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Biographical Sketch of Frank House Baer

Baer, Frank House; railroad business; born, Cleveland, Nov. 12, 1863; son of Anthony and Lucy May House Baer; educated, public schools of Cleveland; married Bryn Mawr, Penn., July 2, 1908; Elizabeth Hunter; one son Chisholm Spencer Baer, born, May 3, 1909; business career, clerk for The Standard Oil Co.; after 5 years business training with that company became a traveling salesman for Franklin McVeagh & Co., Wholesale Grocers of Chicago; in 1899 went to Europe for a year; upon my return entered the employ of the Nickel Plate R. R. as commercial mgt.; still in that capacity; also interested in other commercial enterprises; Democratic; was a candidate for the state senate when Bryan was making free silver a campaign issue; member public Library board three years; one of the fathers of the city grouping plan and was closely associated in the work with the originator of the group plan the late Professor Charles F. Onley; member Chamber of Commerce; Euclid Ave. Baptist Church Union; Rowfant, Euclid and Transportation Clubs; Collector of interesting relics, rare books, old Valentines; have finest collection of old valentines in existence, over 2,000 in number; a fine collection of old prints of Cleveland, have all but one of the early prints of the city in my...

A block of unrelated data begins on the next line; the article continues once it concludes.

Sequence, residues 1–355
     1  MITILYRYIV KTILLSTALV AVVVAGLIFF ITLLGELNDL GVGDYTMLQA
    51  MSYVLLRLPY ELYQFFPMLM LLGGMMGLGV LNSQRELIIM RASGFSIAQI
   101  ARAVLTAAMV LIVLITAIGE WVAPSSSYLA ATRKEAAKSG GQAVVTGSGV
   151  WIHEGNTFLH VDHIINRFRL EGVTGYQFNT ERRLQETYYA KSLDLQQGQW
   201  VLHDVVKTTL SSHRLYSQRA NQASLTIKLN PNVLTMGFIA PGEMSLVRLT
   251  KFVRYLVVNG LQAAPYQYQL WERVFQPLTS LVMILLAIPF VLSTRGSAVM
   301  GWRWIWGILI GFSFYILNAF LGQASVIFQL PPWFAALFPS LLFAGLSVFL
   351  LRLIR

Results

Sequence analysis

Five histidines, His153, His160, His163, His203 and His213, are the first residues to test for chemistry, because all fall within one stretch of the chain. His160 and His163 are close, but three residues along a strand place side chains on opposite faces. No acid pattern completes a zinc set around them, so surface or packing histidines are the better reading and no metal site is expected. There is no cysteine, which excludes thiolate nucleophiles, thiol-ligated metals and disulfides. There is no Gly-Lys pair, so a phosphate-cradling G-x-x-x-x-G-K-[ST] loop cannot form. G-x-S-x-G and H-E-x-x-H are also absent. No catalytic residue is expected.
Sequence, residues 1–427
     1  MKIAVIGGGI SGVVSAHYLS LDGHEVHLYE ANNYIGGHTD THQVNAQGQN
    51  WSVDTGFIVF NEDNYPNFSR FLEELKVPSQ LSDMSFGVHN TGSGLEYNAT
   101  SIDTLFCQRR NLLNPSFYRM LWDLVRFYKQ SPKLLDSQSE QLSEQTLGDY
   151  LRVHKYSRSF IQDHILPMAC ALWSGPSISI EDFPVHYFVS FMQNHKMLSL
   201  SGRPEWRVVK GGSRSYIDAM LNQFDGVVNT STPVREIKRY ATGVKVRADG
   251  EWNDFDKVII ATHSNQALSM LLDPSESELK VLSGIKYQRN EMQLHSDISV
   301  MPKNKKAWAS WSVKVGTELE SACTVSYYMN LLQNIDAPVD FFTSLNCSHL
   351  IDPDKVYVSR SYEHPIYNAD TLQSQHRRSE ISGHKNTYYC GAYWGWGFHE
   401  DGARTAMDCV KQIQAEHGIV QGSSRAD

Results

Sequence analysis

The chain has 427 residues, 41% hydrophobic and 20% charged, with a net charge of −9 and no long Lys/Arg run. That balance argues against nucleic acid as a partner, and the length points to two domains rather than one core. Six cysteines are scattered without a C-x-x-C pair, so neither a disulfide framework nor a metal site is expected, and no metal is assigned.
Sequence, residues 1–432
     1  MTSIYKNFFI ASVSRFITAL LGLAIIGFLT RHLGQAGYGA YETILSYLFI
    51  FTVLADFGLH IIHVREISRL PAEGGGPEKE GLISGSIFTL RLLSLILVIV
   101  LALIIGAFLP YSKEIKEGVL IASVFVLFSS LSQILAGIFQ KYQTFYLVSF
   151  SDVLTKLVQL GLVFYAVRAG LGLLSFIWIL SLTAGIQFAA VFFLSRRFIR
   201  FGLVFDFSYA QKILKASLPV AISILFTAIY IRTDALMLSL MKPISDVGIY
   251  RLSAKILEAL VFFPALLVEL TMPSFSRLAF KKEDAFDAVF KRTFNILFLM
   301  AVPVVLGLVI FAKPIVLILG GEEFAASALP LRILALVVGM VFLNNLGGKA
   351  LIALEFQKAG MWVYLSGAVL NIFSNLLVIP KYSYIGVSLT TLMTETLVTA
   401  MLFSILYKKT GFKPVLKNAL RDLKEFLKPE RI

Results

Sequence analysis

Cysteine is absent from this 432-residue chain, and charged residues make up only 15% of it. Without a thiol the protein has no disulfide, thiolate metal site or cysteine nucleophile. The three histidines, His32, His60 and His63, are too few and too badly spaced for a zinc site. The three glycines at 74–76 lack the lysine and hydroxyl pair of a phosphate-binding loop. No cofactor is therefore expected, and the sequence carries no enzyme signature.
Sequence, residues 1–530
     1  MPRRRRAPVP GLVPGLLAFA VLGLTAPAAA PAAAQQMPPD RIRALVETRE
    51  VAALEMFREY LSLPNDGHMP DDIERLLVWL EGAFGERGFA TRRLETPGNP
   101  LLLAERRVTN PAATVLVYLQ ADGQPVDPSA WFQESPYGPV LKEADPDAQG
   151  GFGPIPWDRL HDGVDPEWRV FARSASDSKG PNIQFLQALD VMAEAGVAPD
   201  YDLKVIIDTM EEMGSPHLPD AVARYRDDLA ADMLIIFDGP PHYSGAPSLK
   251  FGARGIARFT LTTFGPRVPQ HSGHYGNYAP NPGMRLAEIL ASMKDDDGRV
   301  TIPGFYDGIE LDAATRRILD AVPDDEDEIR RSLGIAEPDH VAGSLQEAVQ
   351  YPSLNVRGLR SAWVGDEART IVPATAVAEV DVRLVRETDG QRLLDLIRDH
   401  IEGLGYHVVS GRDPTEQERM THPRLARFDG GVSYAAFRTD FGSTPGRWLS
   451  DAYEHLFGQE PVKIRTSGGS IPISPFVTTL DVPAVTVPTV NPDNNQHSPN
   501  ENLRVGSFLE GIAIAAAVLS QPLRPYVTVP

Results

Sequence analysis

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Biographical Sketch of J. H. Pierson, M. D.

J. H. Pierson, M. D., residing at Mission San Bernardino, is a native of New England, and came from a Puritan family on his father’s side, and an English Quaker family on his mother’s side. He is a son of Henry Pierson, a direct descendent of Abram Pierson, first president of Yale College, whose ancestors landed on Long Island in 1632. The subject of this sketch resided several years in Europe engaged in the study of medicine, and in 1861 he came back to America, and in 1866 went to Lake Superior as physician and surgeon for the Anglo-American Copper & Lead Mining Company. In 1867 he went to Arizona as surgeon for the Vulture Gold Mining Company, and remained there until 1882. He was married in 1870. In 1882 his health having failed somewhat he determined to discontinue the practice of his profession and try rural life. Accordingly he purchased a fine tract of 265 acres of land in Mission San Bernardino, on which he has over 1,000 orange trees, ten acres of peach trees, five acres of pears and other deciduous fruits. Here, surrounded by his family, the Doctor is leading a quiet life, looking after the education of his children and the interests of his...